In a robust example of art imitating life, a steel bison recently on display at Haen Gallery in Brevard weighed in at one ton — the same as a typical, flesh-and-blood adult male bison weighs. In this case, the animal of the hour was flanked by four figures representing the story of the American Plains and its people. The ambitious commissioned work was created by local artist J. Aaron Alderman, whose public sculpture is distinguished by his style of expressive textural coils and by the use of recycled material — in this case railroad salvage, a medium choice meant to recognize the steam train’s enormous impact on historic prairie culture.
“The project was a whirlwind,” says Alderman. “Once the committee chose my concept design and approved the project, I hit the ground running. I researched live buffalo down near Columbus and Tryon and cranked out five sculptures in four-and-a-half months. The project really helped me push my work both structurally and aesthetically.”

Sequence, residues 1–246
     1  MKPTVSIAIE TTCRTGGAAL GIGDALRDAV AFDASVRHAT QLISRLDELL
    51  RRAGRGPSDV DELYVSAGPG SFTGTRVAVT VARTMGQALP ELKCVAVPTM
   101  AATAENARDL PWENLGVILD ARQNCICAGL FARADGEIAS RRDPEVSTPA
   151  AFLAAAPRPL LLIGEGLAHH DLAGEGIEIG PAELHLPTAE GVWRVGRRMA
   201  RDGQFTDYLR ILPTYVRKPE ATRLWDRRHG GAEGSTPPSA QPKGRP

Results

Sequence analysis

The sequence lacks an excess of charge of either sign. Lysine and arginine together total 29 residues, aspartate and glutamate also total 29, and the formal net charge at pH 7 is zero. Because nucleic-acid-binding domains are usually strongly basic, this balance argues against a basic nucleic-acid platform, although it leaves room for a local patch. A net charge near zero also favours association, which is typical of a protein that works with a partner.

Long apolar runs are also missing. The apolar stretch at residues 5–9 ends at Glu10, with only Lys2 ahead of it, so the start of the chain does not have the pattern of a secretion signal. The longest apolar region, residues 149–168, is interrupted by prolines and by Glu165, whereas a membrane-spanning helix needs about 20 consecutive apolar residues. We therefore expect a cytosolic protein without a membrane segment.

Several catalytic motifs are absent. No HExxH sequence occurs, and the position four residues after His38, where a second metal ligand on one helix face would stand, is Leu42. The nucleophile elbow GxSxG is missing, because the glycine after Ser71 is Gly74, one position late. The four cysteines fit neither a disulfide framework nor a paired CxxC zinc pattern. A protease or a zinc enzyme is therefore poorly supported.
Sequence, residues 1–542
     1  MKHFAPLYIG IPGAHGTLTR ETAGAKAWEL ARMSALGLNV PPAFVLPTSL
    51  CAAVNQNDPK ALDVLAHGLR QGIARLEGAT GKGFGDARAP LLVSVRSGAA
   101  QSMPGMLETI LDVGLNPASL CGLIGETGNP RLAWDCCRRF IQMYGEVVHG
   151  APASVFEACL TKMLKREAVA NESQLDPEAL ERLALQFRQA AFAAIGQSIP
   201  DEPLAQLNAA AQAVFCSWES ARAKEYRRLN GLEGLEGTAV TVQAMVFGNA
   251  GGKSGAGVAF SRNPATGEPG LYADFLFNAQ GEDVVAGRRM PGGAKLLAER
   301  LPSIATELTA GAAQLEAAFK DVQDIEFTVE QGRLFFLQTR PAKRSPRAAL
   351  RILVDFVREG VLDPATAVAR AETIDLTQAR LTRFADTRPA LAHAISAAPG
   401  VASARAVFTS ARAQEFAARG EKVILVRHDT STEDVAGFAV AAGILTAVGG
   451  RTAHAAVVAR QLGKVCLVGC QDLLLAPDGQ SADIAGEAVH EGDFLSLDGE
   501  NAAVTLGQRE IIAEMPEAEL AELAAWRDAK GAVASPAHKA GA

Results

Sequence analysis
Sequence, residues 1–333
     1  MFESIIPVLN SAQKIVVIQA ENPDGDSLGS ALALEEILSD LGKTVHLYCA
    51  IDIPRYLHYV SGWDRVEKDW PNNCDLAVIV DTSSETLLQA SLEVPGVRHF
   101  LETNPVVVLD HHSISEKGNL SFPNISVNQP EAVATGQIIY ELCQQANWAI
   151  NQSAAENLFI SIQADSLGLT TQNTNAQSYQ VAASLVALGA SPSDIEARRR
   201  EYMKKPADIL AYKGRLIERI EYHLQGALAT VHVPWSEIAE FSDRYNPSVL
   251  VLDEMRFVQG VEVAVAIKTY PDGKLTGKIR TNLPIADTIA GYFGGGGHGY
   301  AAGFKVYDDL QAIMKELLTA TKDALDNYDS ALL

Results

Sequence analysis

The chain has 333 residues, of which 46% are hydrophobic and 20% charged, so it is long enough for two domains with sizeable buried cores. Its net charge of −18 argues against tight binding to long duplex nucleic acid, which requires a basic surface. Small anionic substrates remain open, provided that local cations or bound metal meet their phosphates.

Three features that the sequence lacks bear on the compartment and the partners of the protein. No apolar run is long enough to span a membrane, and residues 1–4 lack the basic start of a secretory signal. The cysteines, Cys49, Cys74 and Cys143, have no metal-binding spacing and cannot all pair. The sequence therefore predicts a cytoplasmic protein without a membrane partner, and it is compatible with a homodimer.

The piece’s theme, he says, is “very poignant” in its continued relevancy. “[It] represents past cultures and how expansion influenced them and pushed them out — the railroad’s effect on the bison, industry’s effect on the environment.” Native Americans and early American farmers were forced away from the Plains by the expansion of wealth and industry, Alderman explains, “and that,” he adds, “has never stopped.”
For more about Alderman’s work, see volumesofsteel.weebly.com.